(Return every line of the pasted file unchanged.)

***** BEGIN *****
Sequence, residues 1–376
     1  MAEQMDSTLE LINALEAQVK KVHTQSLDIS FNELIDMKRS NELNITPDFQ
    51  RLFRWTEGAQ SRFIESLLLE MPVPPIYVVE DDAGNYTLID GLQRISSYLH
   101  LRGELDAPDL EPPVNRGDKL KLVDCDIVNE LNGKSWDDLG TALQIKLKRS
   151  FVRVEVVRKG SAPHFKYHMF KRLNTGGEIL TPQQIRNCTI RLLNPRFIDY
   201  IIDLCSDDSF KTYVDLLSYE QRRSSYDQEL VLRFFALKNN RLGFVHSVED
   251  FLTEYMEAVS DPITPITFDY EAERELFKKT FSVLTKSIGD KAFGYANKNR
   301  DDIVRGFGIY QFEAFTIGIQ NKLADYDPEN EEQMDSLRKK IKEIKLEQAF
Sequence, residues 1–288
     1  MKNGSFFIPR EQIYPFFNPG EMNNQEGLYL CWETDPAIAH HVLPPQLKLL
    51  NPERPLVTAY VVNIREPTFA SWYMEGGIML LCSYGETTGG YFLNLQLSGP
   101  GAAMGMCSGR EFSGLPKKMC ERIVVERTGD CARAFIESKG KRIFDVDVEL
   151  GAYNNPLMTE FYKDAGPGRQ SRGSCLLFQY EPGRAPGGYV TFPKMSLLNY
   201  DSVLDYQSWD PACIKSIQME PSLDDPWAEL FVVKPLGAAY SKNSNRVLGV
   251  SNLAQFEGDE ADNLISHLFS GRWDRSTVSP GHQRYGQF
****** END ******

Sequence, residues 1–376
     1  MAEQMDSTLE LINALEAQVK KVHTQSLDIS FNELIDMKRS NELNITPDFQ
    51  RLFRWTEGAQ SRFIESLLLE MPVPPIYVVE DDAGNYTLID GLQRISSYLH
   101  LRGELDAPDL EPPVNRGDKL KLVDCDIVNE LNGKSWDDLG TALQIKLKRS
   151  FVRVEVVRKG SAPHFKYHMF KRLNTGGEIL TPQQIRNCTI RLLNPRFIDY
   201  IIDLCSDDSF KTYVDLLSYE QRRSSYDQEL VLRFFALKNN RLGFVHSVED
   251  FLTEYMEAVS DPITPITFDY EAERELFKKT FSVLTKSIGD KAFGYANKNR
   301  DDIVRGFGIY QFEAFTIGIQ NKLADYDPEN EEQMDSLRKK IKEIKLEQAF
Sequence, residues 1–288
     1  MKNGSFFIPR EQIYPFFNPG EMNNQEGLYL CWETDPAIAH HVLPPQLKLL
    51  NPERPLVTAY VVNIREPTFA SWYMEGGIML LCSYGETTGG YFLNLQLSGP
   101  GAAMGMCSGR EFSGLPKKMC ERIVVERTGD CARAFIESKG KRIFDVDVEL
   151  GAYNNPLMTE FYKDAGPGRQ SRGSCLLFQY EPGRAPGGYV TFPKMSLLNY
   201  DSVLDYQSWD PACIKSIQME PSLDDPWAEL FVVKPLGAAY SKNSNRVLGV
   251  SNLAQFEGDE ADNLISHLFS GRWDRSTVSP GHQRYGQF